Wheels of automation picking up pace
Wheels of automation picking up pace

Wheels of automation picking up pace

For the cement industry, it is imperative to adapt ways to address the key challenges of energy saving, water conservation, reduction in carbon dioxide and greenhouse gas emissions, and material resource and waste management. The question is how does one address this? An answer to this is process control automation, and major players in India's cement sector feel the same.

Steel and cement are the two most critical elements of the construction industry. Any movement in these two components can have a direct impact on the infrastructure and economy of the country. Currently, India is the second largest cement producer in the world with a production capacity of more than 500 million tonne per annum (MTPA), and is expected to cross 550 MTPA by the end of 2020.

According to a projection in a report published by Research and Markets titled "Global Cement Market Insight, Trends and Forecast 2019-2021: Production, Consumption, Imports & Exports", the global cement consumption volume is expected to reach 4.42 billion tonnes in 2021, growing at a CAGR of 2.96 per cent during the period 2018-2021.

Increasing construction activities, rising urbanisation and higher disposable income are likely to be the growth drivers. However, the growth of the market would be challenged by depleting fossil fuel reserves. A few notable trends include expansion of civil engineering sector on a global scale, rising demand for green cement and increasing infrastructure projects in developing regions.

"The global cement industry is expanding in terms of production as well as consumption volume. The rising construction activities at a fast pace is promoting the cement demand considerably. The market demand for cement from civil engineering industry is rising strongly, due to the increasing investment by government on residential as well as public work sectors. This is enabling the cement manufacturers to produce cement on a large scale and thereby raising the consumption volume also," the report highlighted.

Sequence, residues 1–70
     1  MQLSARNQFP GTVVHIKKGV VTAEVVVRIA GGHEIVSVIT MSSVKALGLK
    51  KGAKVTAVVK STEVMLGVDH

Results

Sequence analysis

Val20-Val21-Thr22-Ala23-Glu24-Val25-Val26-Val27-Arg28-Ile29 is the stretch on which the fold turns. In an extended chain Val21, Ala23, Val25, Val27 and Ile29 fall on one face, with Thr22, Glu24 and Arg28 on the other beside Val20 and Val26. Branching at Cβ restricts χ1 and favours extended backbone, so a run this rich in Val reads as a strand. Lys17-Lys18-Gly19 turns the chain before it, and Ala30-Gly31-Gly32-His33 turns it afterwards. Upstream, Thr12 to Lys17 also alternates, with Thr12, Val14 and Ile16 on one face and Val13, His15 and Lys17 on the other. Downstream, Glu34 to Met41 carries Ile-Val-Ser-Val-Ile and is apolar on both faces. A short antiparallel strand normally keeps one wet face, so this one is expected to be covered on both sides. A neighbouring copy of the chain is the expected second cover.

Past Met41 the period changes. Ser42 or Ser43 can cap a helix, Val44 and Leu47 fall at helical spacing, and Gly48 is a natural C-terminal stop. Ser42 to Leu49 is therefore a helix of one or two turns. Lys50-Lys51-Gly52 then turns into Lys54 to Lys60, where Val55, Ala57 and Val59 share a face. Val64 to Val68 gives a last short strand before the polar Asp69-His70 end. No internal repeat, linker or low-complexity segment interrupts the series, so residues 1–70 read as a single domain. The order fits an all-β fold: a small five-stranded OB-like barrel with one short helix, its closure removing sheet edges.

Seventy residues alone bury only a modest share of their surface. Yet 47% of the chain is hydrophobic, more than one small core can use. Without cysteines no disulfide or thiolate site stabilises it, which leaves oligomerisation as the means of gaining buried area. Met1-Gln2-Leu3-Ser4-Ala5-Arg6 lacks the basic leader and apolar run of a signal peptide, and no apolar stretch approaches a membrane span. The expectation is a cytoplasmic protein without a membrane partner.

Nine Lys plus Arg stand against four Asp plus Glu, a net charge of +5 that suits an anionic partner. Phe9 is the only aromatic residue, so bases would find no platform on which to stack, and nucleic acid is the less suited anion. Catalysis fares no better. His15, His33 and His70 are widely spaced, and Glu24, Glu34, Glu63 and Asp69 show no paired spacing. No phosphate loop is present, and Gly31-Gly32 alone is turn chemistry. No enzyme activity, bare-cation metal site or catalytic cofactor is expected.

India: Still lagging
Though Indian exports cement to the international market, the country is far behind with $295.8 million, which is 2.9 per cent of the total international market. According to 2018 statistics, Vietnam led the pack with $1.1 billion (11.1 per cent of total cement exports). China is much ahead of India in ranking with more than double the share in its kitty. However, there is a bigger gap created by China with fewer exports, which can be filled by India if the companies increase their exports.

Cement as an industry is energy intense, highly raw material-driven, water intense, and has a higher environmental impact. Cement industry in India consumes 10 per cent of the total coal produced and 6 per cent of the total power consumed in the country. Typically, a cement plant consumes between 60-100 KW to produce one tonne of cement.

With the help of advanced technology the industry has been taking steps to control the environmental impact by adopting various measures. Reducing water intake by shifting from the previous wet process to the latest dry process, shifting of captive power from thermal (coal) to heat recovery as cement plants generate high temperature during the manufacturing process.

Change is happening
Cement factories are notorious for high greenhouse gas emissions. However, major players have been taking steps to mitigate the shortcomings and, to a large extent, have succeeded in their efforts by adopting various technologies.